Friday, September 24, 1999


"We have new evidence that our efforts are bearing fruit: the first significant increase in adoptions since the National Foster Care Program was created almost 20 years ago. All of us are very proud of what these states have done for some of their most vulnerable citizens."

President Bill Clinton
Friday, September 24, 1999

Today, at the White House, the President and the First Lady announced first-ever bonus awards of $20 million to states that have increased the number of children adopted from the public foster care system The President also awarded $5.5 million in grants to innovative programs that remove barriers to adoption, and unveiled a national progress report that documents the success of the Administration's strategy on adoption. The President and the First Lady urged Congress to provide new support for young people as they make the transition from foster care to independence.

Increasing Adoptions with Incentive Awards. President Clinton released $20 million in bonus awards to 35 states that in 1998 had exceeded their average adoption rate from 1995-1997. These awards - the first-ever financial incentive for states to increase adoptions of children from the foster care system - were first proposed by the President's Adoption 2002 initiative and included in the Adoption and Safe Families Act of 1997.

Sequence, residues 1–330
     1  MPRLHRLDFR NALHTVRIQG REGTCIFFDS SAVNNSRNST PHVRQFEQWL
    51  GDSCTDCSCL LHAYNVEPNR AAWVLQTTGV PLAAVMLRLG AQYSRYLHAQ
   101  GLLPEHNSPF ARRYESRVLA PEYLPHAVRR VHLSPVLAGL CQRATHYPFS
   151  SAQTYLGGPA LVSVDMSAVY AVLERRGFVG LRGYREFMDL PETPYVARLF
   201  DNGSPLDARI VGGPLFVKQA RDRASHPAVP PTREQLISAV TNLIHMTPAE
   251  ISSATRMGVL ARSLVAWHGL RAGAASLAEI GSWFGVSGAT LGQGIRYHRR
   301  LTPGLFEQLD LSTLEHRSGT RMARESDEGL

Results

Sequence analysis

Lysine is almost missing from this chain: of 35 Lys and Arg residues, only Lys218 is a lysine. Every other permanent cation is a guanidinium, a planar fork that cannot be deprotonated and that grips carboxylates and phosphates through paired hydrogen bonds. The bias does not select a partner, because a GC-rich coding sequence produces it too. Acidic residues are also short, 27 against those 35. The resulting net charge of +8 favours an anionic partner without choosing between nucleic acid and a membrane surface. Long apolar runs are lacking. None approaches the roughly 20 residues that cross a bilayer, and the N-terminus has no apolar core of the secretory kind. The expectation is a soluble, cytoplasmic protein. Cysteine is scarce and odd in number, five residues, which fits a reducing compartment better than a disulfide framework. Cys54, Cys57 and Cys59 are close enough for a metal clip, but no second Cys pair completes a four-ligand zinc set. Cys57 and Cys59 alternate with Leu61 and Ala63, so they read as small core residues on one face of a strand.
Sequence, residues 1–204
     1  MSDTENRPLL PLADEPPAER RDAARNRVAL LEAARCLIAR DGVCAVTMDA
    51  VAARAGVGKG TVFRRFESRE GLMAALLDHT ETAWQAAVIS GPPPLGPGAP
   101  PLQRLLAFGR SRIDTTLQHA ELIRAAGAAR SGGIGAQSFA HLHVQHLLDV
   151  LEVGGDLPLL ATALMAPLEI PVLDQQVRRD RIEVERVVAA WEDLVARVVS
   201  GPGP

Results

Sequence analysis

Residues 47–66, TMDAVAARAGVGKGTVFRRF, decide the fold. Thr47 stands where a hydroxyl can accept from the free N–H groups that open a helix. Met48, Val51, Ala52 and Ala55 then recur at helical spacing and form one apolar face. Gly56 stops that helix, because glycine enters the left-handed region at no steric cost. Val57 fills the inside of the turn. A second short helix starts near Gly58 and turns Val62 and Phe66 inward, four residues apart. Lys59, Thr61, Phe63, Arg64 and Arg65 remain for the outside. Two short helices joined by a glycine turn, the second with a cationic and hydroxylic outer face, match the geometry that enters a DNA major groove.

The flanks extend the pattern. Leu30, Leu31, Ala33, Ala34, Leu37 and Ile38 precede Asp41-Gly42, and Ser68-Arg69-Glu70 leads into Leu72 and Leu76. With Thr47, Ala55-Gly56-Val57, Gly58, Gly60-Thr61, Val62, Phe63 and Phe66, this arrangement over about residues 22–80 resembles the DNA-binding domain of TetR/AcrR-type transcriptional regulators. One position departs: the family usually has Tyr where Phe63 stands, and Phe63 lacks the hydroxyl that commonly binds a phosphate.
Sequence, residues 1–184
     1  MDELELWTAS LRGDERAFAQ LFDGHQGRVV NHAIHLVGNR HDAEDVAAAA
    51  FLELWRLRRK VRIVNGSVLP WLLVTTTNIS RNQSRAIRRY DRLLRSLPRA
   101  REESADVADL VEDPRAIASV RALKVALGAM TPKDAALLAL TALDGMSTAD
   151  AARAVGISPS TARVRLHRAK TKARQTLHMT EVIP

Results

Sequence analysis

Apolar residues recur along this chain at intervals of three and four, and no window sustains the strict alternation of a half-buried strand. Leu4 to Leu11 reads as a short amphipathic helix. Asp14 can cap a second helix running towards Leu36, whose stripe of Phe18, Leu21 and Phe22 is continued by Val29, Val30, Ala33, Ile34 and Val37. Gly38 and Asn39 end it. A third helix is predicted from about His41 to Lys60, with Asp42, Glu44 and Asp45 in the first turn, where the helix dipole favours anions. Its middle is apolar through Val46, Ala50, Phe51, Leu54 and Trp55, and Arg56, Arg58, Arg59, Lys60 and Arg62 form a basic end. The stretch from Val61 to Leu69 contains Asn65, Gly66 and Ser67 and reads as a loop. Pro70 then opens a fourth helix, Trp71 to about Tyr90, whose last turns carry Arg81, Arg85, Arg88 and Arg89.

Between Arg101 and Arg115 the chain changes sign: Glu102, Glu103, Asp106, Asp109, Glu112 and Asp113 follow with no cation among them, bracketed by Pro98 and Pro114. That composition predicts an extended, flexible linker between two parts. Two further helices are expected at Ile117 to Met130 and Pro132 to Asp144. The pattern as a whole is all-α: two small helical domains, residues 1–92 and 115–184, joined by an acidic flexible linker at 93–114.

Reducing Barriers to Adoption through Grants. The President announced $5.5 million in new awards to public and private organizations to eliminate barriers to adoption, particularly for children with special needs. This year's grants reward a variety of initiatives, including efforts to increase adoptions of minority children.

Report Shows Clinton Administration Strategy Is Working. A new report from the Department of Health and Human Services shows that from 1996 to 1998, the number of adoptions nationwide rose 29 percent - from 28,000 to 36,000 - and is on a pace to meet the President's goal of 56,000 adoptions in 2002. This is the first significant increase in adoptions since the national foster care program was established nearly 20 years ago. Since taking office, President Clinton has championed efforts to make foster care work better, including:

Urging Congress to Take the next Step. Under the current system, federal financial assistance for young people in foster care ends just as they are making the critical transition to independence. The President and the First Lady urged the Senate to follow the lead of the House and pass the Chafee-Rockefeller bill that helps vulnerable young people leaving foster care to secure health care, life skills training, and educational opportunities.

The White House Briefing Room
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